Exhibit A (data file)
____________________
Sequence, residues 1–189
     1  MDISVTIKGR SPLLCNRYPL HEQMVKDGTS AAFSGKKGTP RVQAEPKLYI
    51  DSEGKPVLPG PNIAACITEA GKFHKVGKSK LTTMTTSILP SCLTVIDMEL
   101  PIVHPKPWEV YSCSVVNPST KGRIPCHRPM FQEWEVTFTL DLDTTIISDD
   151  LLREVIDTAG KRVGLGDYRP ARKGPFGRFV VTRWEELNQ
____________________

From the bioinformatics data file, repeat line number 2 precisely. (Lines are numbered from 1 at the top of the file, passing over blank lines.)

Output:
     1  MDISVTIKGR SPLLCNRYPL HEQMVKDGTS AAFSGKKGTP RVQAEPKLYI